And as we can’t get enough of romantic portmanteaus, the term “wanderlove” arose, to describe daters who were more open-minded when it came to their potential new beau’s location. According to a study by the dating site Seeking, 39% of singles are open to travel when it comes to online dating.
Elsewhere, thanks to a rise in sober-curiosity, more people opted for “dry dates”, with Bumble finding that 34% of people now consider going alcohol-free on dates. “Power PDA” was having a moment again – Kourtney Kardashian and Travis Barker’s PDA-packed relationship was rubbing off on us - as 68% of Bumble users worldwide said they were more open to PDA post-pandemic.
The cost of living crisis has also made us more money conscious when it comes to our dating habits. This year, a lot of singles couldn’t date as often as they used to because of financial pressures. A study by dating platform Match found that the decrease in disposable income has led to singles spending more time establishing a connection with someone before agreeing to meet in real life, with 13% of daters using voice notes and virtual dates to judge compatibility before they meet in real life.
It's estimated that the average date this year costs £233.90, with the biggest expenses being a new outfit and food. It's no wonder 28% also said they planned their dates around payday to make sure they could afford it. eHarmony even found that 47% of daters have passed on a date due to their financial situation.
We’re going to therapy
All the psychoanalysis and relationship advice on social media is showing us that singles are more clued up on all aspects of the dating experience than ever before. According to Hinge, 91% of users want to date someone who goes to therapy. Daters are not only identifying toxic and narcissistic behaviour but digging deeper to reconnect with their inner child and understand the role love languages and attachment styles play in forming romantic connections. According to Tinder over half (58%) of singles said they were confident they could identify a green or a red flag.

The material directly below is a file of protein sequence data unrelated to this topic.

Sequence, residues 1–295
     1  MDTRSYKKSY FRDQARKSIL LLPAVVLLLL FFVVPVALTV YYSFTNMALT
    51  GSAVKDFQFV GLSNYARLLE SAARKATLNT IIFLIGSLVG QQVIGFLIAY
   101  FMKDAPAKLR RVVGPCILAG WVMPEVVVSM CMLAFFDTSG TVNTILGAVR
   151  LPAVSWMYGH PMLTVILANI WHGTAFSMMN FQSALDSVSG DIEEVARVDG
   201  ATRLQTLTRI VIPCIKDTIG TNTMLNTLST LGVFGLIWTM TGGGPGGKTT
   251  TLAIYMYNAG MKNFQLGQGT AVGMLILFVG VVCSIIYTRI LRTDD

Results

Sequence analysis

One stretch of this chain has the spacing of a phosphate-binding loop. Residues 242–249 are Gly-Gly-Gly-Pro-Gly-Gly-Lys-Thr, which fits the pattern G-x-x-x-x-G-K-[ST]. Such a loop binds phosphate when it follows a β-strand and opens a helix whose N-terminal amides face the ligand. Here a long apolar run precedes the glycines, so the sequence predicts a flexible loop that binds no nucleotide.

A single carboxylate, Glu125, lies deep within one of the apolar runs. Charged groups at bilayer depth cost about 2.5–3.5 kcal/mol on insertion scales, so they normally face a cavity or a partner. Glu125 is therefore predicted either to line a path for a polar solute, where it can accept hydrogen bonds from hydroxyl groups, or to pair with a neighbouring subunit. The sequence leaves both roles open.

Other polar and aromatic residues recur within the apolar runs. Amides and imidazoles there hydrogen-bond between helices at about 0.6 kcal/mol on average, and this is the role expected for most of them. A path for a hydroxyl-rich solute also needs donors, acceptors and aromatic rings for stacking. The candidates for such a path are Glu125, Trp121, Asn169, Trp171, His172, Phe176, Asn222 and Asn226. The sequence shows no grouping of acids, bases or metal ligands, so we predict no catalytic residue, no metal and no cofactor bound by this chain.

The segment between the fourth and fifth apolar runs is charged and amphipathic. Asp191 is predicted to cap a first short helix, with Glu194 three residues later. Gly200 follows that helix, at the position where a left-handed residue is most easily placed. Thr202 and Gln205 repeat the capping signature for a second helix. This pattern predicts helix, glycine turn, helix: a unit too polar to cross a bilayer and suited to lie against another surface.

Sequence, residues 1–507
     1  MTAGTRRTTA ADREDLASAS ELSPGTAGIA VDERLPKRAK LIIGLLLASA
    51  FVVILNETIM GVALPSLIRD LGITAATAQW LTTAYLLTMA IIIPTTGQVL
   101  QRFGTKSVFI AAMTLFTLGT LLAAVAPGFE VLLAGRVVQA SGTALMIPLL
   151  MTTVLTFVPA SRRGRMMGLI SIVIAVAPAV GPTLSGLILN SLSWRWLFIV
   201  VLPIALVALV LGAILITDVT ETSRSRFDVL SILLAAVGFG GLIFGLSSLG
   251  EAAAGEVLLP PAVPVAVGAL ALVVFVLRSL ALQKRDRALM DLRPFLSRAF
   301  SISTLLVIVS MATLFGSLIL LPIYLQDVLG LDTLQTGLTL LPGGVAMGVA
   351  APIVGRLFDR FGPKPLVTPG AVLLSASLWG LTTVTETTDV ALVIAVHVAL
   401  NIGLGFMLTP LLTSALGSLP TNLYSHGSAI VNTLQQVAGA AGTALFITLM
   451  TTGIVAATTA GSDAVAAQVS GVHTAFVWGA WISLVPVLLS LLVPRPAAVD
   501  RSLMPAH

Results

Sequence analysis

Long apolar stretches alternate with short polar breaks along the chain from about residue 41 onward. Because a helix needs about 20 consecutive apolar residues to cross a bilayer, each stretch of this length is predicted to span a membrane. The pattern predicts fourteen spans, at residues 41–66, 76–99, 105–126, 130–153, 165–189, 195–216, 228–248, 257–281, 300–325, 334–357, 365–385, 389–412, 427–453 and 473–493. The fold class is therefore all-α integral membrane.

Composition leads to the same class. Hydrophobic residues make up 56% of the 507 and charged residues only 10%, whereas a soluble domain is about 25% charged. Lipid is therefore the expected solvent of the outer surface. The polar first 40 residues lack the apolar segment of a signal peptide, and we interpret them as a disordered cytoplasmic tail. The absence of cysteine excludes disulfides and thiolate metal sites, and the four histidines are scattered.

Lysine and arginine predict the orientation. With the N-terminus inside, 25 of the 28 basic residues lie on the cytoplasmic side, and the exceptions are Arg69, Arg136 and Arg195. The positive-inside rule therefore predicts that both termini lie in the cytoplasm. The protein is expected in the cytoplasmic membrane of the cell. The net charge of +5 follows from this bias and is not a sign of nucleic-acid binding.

We all went in on our dating icks
As always, singles continue to be vocal about dating icks - remember the viral “He’s a 10 but…” TikTok trend? People rated an imaginary love interest based on potential dealbreaker traits. TikTok users also got very specific with their lists of turn offs from sniffing loudly to the sound of their date breathing. According to Badoo, a whopping 82% of singles experienced the ick while dating this year and 35% of people also admitted they were feeling the pressure to find the right person free of icks.
Dating apps continue to evolve
Dating apps have been revolutionising the way we date online for some time now. This year has made it a decade of swiping on Tinder. Remember when dating was once seen as IRL meet-ups or getting set up by your friends? Dating apps have become such an integral part of our lives. Can we even imagine a time before they existed?
You can meet a lot of potential partners from the comfort of your sofa in today's hyper-connected world. The convenience of dating apps does come with its own set of unique dating challenges from dating burnout to one-sided conversations that never make it past the texting stage.
However, a new wave of dating apps this year gave daters new options to find compatibility with interactive ice-breaking questions, Q&As, and games like Smitten.
According to research for BBC Three's Dating's Dangerous Secrets, 37% of dating-app users have reported someone for inappropriate behaviour while 63% of people have felt uncomfortable on a date initiated through an app. On these dates, 33% have experienced harassment or abuse. So, dating app safety prevention became a major focus this year, Bumble teamed up with StopNCII.org to prevent the sharing of non-consensual intimate images online while ToDate eliminates catfishing and boosts online dating safety via ID verification and AWS photo recognition software.
It’s safe to say daters have been very busy this year. As the year comes to an end it’s not surprising that dating app Match found that December is the time of the year when daters “give up” on finding a partner, preferring to wait until the new year to start their journey all over again.
And after all that we say… bring on the new year!